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With the incredibly fast paced development happening across domains, freelance science writers are crucial to forming the connection between the innovators and the audience. Science writers research and report on innovations and progress on various fronts in science and technology, making sure complex information is broken down in a clear and concise manner that can be understood by researchers, academics, students and the general public.
Typically covering scientific breakthroughs and discoveries for journals, magazines and publications, science writers usually hold a bachelor’s degree (typically in English, journalism or communication), as well as a background in a scientific field. They may or may not hold expertise in the field they write about, but have the innate dual ability of comprehending scientific data and breaking it down into simpler blocks.
What do science writers do?
The primary job of a science writer is to analyse extensive scientific data and the general progress in the field of science. Using this information, the science writer pens detailed articles for publications and journals that are intended for a wide range of audiences. This may include everyone from scientists to academic students and companies operating in various scientific spheres such as med-tech, biotech and pharma.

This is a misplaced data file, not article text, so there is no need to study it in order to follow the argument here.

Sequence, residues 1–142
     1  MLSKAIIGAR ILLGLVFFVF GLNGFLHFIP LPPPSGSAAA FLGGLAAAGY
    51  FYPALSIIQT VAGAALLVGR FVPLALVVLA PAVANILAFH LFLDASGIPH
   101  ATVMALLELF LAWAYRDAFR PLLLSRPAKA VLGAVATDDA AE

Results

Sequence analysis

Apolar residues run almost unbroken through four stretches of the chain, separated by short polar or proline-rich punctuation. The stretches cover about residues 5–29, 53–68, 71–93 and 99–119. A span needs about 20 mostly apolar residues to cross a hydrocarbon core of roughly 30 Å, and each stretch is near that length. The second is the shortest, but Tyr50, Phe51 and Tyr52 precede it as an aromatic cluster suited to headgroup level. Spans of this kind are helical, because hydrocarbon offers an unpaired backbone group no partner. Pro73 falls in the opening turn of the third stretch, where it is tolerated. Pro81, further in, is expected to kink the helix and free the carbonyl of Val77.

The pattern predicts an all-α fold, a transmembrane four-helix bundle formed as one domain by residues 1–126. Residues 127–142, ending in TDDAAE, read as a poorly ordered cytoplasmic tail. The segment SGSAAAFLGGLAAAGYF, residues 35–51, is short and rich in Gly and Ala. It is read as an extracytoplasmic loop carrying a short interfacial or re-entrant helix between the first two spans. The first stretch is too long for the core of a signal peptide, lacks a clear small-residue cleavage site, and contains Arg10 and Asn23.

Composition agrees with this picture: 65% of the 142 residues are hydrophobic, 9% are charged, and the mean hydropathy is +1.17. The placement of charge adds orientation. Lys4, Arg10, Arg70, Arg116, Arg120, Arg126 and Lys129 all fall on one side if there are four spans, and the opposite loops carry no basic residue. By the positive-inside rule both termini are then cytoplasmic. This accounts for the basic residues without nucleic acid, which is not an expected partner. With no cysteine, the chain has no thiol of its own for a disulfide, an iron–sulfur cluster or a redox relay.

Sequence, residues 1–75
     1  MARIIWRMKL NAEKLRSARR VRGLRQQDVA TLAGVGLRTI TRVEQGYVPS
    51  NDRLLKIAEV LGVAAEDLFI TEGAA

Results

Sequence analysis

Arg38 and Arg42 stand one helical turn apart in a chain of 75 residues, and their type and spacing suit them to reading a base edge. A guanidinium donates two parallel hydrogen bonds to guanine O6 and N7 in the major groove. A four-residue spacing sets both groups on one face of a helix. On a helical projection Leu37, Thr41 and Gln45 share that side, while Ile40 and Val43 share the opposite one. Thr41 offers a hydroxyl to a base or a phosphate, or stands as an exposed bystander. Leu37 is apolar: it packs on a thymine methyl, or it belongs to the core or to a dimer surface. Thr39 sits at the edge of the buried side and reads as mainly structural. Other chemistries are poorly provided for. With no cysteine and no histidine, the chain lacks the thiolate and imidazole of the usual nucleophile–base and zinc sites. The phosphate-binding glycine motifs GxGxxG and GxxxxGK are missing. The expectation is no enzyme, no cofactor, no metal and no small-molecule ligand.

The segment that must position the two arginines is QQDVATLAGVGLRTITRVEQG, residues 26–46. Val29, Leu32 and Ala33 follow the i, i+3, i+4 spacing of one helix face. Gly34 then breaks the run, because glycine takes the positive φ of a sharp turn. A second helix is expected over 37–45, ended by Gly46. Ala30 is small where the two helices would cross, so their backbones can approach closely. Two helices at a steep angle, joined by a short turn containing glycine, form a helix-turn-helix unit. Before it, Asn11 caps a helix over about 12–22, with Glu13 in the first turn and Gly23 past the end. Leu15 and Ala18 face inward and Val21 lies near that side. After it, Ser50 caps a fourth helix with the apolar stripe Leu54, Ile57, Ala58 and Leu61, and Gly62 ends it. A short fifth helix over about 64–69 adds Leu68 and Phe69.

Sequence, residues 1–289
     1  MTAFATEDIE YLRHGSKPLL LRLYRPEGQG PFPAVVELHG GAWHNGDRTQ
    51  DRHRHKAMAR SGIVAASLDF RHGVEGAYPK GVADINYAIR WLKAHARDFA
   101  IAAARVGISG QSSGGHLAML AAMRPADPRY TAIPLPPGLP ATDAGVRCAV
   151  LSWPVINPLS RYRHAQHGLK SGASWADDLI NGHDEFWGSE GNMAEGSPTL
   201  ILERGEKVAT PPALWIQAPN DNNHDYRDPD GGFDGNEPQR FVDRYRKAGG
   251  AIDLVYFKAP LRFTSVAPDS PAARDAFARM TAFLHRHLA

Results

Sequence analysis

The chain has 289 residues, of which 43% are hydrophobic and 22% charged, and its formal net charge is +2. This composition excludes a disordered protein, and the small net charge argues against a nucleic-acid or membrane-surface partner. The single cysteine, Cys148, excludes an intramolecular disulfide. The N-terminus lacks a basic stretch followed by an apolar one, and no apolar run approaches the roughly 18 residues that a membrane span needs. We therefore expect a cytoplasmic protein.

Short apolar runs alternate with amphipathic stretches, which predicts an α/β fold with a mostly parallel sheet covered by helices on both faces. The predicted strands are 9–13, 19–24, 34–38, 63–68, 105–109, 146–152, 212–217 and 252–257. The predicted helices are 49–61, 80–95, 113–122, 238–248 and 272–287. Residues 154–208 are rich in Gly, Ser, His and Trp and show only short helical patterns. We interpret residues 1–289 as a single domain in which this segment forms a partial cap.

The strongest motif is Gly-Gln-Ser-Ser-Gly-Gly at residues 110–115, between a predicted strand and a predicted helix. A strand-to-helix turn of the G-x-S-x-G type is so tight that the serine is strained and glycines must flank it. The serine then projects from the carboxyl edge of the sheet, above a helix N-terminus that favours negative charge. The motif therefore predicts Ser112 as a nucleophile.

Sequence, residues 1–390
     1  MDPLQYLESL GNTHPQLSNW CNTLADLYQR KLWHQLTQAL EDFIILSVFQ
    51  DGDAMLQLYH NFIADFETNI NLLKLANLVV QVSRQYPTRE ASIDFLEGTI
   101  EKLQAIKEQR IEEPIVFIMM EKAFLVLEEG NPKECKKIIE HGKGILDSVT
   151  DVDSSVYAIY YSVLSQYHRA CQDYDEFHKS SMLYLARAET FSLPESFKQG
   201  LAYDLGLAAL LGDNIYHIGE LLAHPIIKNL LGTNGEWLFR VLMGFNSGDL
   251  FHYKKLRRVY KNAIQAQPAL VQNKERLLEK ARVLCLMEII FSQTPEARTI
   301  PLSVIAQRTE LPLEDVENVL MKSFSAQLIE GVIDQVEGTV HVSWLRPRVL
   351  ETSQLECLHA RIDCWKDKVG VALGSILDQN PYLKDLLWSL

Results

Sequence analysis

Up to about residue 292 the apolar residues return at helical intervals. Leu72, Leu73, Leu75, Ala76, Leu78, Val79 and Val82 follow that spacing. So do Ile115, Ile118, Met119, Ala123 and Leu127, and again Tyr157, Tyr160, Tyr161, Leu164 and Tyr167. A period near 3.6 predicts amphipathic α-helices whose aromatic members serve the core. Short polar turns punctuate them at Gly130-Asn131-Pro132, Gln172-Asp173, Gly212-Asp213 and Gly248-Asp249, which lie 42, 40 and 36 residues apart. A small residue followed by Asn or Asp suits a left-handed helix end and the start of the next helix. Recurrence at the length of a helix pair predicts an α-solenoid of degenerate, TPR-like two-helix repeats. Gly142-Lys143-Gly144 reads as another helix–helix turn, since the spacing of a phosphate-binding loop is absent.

Science writers typically spend their week interviewing scientists, researchers, doctors and industry experts, and attending in-person as well as digital conferences in the domain they write about. They may also visit research institutions and labs in order to further study the field of science they cover, making sure their pool of information is secure and up-to-date before embarking on their final task – writing the article. This usually appears in renowned digital publications and medical journals, such as New Scientist and Science.org.
You may need a science writer for a variety of purposes, right from making sure people have information about what’s happening in science as well as announcing your company’s latest ideas, innovations and products to a broad audience.
Why do you need a freelance science writer?
Most science writers are employed in-house by medical journals, industrial labs or product development companies. However, smaller publications and startups may also need their expertise for a number of reasons,
- Researching a wide variety of literature, articles and media in order to find and analyse data. This may include anything from press releases, company documents as well as secondary sources on social media.
- `Penning and publishing white papers, blogs and other documents aimed at showcasing the company’s products, ideas and general progress.
- Interact with internal or external scientists operating in the same field, in order to generate ideas for more content pieces that might interest the company’s readers and clients.